This one is wholly dependent upon the individual. If you’re sensitive to external sounds, this may not be a good idea. However, if you’re a music lover and external distractions help relieve anxiety, go for it.
15. Don’t run away:
Some individuals who become panicked try running or pacing quickly; for them, these things cause the panic attacks to subside. If this doesn’t work for you, stay in place and distract yourself.
16. Or sprint:
Then there’s doing the total opposite: as in running as fast as you can until you’re completely out of breath. If it works, that’s all that matters!
17. Hold your breath:
According to some who suffer from panic attacks, holding their breath allows them to prevent hyperventilation. Hold your breath four to five times, for 10-15 seconds each time. After the last round of breath holding, deeply inhale to the count of 7 and exhale to the count of 11.
18. Splash cold water on your face:
The point here is to shock the system. Another (colder) alternative is breaking up some ice cubes and submerging your face in ice water.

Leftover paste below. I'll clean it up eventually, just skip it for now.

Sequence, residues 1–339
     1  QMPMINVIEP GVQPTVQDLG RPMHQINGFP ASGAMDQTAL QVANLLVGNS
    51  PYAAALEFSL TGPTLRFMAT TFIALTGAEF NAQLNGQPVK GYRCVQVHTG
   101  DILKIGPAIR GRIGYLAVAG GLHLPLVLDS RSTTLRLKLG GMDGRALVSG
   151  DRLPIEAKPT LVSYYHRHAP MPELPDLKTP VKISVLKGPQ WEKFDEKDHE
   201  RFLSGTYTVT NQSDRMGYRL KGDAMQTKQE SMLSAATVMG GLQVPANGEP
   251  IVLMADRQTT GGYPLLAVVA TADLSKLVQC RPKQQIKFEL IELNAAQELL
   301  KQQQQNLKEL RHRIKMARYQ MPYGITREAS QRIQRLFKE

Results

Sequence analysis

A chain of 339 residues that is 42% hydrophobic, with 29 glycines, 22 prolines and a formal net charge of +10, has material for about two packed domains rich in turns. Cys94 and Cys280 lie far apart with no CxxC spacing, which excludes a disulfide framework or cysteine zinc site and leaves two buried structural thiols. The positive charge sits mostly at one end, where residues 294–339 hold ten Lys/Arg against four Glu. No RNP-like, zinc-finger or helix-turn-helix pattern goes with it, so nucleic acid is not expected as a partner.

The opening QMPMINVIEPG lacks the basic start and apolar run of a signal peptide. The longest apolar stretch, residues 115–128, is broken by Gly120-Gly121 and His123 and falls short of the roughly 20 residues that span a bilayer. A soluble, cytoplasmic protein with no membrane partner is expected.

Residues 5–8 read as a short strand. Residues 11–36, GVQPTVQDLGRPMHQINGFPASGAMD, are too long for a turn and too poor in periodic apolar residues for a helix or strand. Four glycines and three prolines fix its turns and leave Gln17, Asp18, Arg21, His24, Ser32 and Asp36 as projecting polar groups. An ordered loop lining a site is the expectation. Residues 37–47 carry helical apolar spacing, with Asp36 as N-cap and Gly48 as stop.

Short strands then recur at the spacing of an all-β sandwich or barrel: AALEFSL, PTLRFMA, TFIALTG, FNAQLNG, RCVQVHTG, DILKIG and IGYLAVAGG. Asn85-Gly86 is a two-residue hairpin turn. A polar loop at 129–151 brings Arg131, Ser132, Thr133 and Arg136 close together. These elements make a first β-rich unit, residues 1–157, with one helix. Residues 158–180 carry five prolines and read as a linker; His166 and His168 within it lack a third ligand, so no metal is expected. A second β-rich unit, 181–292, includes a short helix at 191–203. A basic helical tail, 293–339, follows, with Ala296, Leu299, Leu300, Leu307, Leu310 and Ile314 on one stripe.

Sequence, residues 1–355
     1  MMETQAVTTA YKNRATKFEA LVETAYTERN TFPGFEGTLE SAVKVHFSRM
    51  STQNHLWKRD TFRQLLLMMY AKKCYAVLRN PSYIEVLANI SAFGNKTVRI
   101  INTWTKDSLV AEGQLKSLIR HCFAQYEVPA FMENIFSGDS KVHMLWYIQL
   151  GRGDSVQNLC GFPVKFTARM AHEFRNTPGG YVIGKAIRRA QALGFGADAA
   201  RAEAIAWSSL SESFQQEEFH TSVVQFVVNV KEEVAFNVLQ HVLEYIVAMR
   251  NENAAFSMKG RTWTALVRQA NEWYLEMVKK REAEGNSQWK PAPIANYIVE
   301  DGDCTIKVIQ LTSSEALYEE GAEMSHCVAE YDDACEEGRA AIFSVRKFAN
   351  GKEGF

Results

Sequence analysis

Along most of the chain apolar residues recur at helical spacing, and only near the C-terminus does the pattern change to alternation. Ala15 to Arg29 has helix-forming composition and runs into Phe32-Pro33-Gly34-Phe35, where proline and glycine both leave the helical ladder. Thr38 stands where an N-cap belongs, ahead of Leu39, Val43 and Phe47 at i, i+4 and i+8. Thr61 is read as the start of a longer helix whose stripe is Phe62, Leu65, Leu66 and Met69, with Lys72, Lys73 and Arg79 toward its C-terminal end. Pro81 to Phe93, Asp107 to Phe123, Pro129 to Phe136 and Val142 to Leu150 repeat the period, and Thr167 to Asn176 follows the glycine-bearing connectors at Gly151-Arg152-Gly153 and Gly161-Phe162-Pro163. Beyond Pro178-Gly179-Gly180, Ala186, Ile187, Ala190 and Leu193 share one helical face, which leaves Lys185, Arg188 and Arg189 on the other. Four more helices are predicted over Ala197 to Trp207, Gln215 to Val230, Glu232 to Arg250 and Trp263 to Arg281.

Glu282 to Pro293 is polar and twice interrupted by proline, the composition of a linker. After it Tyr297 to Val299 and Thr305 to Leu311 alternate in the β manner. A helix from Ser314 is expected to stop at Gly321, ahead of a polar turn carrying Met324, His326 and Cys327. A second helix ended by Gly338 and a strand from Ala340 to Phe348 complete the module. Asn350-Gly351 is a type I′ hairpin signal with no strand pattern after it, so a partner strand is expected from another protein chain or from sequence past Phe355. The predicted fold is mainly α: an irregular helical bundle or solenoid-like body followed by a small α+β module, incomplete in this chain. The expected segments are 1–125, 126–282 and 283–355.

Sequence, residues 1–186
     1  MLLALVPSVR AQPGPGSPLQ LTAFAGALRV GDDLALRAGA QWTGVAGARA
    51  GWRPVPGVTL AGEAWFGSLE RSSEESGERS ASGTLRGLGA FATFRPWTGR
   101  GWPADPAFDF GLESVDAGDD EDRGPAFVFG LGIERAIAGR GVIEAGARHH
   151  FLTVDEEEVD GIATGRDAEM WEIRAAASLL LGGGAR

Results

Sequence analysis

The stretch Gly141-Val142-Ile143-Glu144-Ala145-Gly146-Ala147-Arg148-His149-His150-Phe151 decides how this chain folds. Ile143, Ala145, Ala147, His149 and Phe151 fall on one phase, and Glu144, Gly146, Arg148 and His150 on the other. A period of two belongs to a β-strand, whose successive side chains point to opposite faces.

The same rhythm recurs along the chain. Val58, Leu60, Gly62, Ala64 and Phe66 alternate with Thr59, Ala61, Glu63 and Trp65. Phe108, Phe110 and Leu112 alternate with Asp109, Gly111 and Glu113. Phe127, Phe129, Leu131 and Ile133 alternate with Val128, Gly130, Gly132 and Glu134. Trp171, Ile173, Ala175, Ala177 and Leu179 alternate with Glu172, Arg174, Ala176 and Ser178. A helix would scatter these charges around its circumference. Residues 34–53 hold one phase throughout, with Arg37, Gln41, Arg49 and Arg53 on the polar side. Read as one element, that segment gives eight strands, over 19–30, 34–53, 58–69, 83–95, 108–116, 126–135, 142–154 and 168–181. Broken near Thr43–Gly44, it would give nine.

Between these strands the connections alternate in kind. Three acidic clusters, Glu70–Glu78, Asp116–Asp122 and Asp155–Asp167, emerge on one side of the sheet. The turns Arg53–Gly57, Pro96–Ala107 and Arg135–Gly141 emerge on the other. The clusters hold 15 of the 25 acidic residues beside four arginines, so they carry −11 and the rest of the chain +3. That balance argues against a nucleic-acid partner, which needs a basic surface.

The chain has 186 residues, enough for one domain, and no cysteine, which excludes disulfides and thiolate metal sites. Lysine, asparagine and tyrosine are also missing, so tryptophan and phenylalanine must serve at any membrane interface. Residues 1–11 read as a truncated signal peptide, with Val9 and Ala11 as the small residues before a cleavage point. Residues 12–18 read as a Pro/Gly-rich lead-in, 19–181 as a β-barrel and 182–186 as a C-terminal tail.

19. Do some push-ups:
Pushups aren’t fun and everyone knows this, which may be why doing a few may help. Exerting your muscles a bit may be all that’s needed to calm your system.
20. Watch something funny:
If you feel your anxiety levels ratcheting up, find something that always seems to tickle your funny bone. Have a favorite movie clip or YouTube video? Fire it up!
Journaling has a way of getting us out of our head. One reason we’re so anxious is the mistaken belief that the only place for our thoughts is in our noggin. Instead, write about how you’re feeling, where you are, what you’re thinking about, what your plans are for the day, and so forth.